Rep. Pete King (R-N.Y.) said he expects to move forward with new gun control legislation, despite the opposition of his party's leaders.

King, the chairman of the House Homeland Security Committee, said that most Republicans agree with his proposed legislation to outlaw bringing a firearm within 1,000 feet of a member of Congress.

"Yes, I expect to go forward, and it's not a disagreement I have with many people in the Republican Party," King said on Fox News.

Both Speaker John BoehnerJohn Andrew BoehnerTrump's pick for Federal Reserve chief is right choice at right time The two-party system is dying — let’s put it out of its misery One year later, neither party can get past last year's election MORE (R-Ohio) and House Majority Leader Eric CantorEric CantorIf we want to make immigration great again, let's make it bipartisan Top Lobbyists 2017: Hired Guns GOP Rep. Jeb Hensarling to retire after end of current term MORE (R-Va.) have said they oppose King's bill, which he proposed earlier this week following the shooting of Rep. Gabrielle Giffords (D-Ariz.) at a constituent event.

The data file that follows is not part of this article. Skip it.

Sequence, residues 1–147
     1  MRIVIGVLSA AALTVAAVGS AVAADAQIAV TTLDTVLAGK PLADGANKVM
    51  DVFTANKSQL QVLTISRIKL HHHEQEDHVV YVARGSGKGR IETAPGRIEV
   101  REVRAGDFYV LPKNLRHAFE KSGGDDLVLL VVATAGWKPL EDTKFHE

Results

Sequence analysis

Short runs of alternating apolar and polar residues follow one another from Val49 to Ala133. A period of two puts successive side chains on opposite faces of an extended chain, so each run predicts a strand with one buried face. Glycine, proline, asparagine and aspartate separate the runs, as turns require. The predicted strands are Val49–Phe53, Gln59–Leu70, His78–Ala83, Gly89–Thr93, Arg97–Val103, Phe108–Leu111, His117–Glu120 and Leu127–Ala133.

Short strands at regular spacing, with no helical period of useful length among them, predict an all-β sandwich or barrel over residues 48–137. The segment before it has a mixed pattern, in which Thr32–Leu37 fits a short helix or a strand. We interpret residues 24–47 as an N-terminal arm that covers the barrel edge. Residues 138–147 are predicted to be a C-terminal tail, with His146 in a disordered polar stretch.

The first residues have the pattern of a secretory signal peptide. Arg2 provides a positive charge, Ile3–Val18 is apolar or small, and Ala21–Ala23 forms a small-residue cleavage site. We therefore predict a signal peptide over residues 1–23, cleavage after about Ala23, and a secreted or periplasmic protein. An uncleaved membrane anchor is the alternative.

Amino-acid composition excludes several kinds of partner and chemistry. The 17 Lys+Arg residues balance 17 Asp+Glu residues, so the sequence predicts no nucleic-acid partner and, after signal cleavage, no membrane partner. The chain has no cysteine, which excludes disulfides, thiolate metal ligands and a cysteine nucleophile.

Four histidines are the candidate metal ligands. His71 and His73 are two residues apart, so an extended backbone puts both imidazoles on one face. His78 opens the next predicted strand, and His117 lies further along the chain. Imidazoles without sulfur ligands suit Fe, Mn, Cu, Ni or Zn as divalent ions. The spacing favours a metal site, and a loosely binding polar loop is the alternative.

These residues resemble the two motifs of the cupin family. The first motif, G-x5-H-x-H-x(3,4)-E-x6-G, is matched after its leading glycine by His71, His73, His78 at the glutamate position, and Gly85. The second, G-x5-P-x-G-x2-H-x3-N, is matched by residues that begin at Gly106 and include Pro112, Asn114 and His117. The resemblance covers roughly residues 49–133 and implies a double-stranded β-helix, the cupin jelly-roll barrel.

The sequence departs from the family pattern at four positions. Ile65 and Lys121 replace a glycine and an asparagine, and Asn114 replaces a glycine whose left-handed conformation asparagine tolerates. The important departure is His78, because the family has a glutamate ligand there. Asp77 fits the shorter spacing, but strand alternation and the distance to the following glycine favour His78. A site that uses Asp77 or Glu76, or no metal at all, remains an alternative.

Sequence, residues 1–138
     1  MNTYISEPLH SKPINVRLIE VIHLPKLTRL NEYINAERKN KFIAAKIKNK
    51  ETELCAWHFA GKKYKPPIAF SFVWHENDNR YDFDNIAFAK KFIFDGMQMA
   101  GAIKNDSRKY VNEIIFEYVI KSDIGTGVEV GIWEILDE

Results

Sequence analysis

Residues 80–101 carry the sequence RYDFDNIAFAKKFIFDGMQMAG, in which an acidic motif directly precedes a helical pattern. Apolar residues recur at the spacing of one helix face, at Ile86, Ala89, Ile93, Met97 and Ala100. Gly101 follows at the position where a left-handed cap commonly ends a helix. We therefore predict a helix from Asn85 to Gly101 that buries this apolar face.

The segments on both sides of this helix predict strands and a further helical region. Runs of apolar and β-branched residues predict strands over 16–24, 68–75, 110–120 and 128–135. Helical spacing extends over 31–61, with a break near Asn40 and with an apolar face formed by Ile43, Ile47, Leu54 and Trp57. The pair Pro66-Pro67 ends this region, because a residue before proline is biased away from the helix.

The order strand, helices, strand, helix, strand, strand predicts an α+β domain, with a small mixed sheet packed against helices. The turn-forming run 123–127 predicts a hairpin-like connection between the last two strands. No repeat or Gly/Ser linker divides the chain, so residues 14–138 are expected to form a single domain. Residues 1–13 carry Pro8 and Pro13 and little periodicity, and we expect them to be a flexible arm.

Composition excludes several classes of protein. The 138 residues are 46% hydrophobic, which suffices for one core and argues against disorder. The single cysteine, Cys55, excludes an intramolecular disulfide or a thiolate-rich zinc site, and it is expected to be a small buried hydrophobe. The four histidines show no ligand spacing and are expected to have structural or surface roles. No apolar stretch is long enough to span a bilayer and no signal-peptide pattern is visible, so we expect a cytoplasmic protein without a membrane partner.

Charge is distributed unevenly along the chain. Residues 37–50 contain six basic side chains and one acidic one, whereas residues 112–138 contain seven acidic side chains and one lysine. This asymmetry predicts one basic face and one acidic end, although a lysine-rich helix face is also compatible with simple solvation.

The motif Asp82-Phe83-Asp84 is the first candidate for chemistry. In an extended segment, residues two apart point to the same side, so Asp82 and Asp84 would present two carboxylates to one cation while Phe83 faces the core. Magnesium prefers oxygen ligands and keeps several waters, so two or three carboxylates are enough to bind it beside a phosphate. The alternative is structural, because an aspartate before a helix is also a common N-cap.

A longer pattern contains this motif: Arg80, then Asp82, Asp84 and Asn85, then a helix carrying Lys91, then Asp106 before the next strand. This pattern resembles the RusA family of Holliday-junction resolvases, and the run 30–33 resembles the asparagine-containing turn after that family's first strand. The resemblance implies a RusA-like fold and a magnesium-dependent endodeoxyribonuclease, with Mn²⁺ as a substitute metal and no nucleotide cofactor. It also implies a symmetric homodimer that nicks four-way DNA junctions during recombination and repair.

King's bill is one of several proposed by members of both parties in the wake of the assassination attempt against Giffords. On the Republican side, Rep. Louie GohmertLouis (Louie) Buller GohmertColbert spoofs Louie Gohmert's Uranium One chart Social media reacts to Gohmert chart on Obama-era Uranium One deal GOP lawmaker calls for Mueller to be fired in speech on House floor MORE (R-Texas) has proposed allowing members to carry guns in D.C. and on the floor of the House. On the Democratic side, Rep. Robert Brady (Pa.) wants to outlaw language or images that threaten lawmakers, and several other lawmakers have proposed restrictions on the kind of extended magazine clips the alleged shooter used in the attack against Giffords.

The New York Republican argued that his legislation would give law enforcement greater leeway in preventing threats from manifesting against members of Congress at the kind of constituent event Giffords had been holding.

"So it's to, in effect, protect the people who are coming and also give the police the extra power they would need, so that if they do see someone with a gun or someone who might have a gun, they can go up and talk to them, question them, and escort them away," he said.